We’ve been thinking about installing a tankless water heater for quite a while, but got a lot more serious about it over the last few months.  We started by insulating and building a stud wall in the furnace room where the new water heater would hang.  Then, a couple of weeks back, we finally bit the bullet and accepted the bid from a local plumber for his work to install a Rinnai RU98i tankless water heater in our furnace room and simplify/remove a bunch of old plumbing that would no longer be needed once the old water heater was gone from the workshop area.

Once we accepted the bid, things moved pretty quickly, with work starting last Wednesday on the rough-in for the new water heater.  The plumber and his helper started by installing a new gas line from the meter to the furnace room, which would serve both the furnace and the new water heater.  This replaced an old, low hanging gas pipe that ran through the hallway, into the workshop (where the old boiler and water heater were) and then looped back around into the furnace room, basically taking the long way around the entire basement.  The new gas pipe is tucked up to the ceiling and takes a much more direct route to the appliances that use it.

Since I know before and after pictures of plumbing are in such high demand, here’s a photo of the old gas pipe before any work was done.  It’s the lower, kinda rusty looking one that’s cutting through the block wall before circling it’s way around the entire basement.


And, here’s the after photo.  The new gas line is the black pipe that’s tucked up into the rafter bay and hangs a left before it gets to the block wall.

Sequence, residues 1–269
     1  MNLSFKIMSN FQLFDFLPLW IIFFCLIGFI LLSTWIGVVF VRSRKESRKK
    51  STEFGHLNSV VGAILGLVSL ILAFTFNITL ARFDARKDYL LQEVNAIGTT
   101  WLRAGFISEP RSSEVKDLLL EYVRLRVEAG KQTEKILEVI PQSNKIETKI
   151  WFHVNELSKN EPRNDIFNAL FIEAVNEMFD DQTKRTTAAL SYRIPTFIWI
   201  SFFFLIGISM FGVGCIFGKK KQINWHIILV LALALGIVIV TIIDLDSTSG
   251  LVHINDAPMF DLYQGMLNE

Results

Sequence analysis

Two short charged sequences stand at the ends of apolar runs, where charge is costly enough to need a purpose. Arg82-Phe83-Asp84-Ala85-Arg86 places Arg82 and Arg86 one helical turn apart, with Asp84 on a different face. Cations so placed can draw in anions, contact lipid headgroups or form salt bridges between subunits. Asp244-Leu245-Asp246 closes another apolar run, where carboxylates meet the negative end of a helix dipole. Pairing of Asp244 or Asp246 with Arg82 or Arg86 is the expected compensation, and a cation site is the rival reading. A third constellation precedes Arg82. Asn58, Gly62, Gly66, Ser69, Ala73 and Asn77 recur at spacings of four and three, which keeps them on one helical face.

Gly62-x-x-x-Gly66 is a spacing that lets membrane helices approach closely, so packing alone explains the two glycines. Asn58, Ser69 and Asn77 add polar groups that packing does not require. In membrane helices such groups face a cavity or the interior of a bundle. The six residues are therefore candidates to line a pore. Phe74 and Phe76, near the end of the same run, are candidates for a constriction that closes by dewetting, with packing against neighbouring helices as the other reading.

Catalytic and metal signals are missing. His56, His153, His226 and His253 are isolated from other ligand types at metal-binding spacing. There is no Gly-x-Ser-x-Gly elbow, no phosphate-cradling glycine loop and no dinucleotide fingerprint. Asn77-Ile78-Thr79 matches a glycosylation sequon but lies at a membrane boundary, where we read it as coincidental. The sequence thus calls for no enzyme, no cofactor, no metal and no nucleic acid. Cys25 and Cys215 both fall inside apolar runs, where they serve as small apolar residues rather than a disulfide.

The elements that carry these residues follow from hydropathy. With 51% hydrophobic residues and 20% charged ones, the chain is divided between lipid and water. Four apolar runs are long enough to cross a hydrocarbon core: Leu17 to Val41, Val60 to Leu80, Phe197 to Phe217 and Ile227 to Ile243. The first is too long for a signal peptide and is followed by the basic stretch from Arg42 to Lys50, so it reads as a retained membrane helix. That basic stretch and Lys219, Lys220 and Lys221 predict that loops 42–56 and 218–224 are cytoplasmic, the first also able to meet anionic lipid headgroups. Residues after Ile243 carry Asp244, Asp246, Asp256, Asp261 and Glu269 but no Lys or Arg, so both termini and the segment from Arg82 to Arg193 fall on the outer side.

The plumbers also spent some time on Wednesday installing the concentric vent pipe from the new water heater to outside.  Normal installation would be to vent the water heater directly out the wall where it is mounted, but, in our case, the back steps are directly outside that wall, so we couldn’t do that.  Instead, the vent pipe runs in a joist bay along the ceiling all the way to the side of the house and exits there.


This is a pretty long path to the outside and isn’t what we were originally thinking, but turned out to be the best in the end since there are so many requirements about where the vent can be located.  It needed to be a certain distance away from operable windows and air conditioning units and also needed to be at least 18″ from ground level (to avoid being buried in snow in the winter), so this location was really the best/only one for it.  Since this is the side of the house that faces the deck, I was a little concerned that the vent would be pretty ugly to look at on the side of the house, but, because this unit uses a concentric vent pipe, it’s really not as obnoxious as I’d imagined and will be even less noticeable once the plants leaf out some.


On the second work day, the new water heater was plumbed and fired up.  Most of the work that was done on day 2 was making up the connections to the water heater (hot and cold water, gas, condensate, overflow, and vent) and then doing enough plumbing on the hot and cold water lines to take the old water heater out of the loop.

Rinnai RU98i Tankless Water Heater - Installed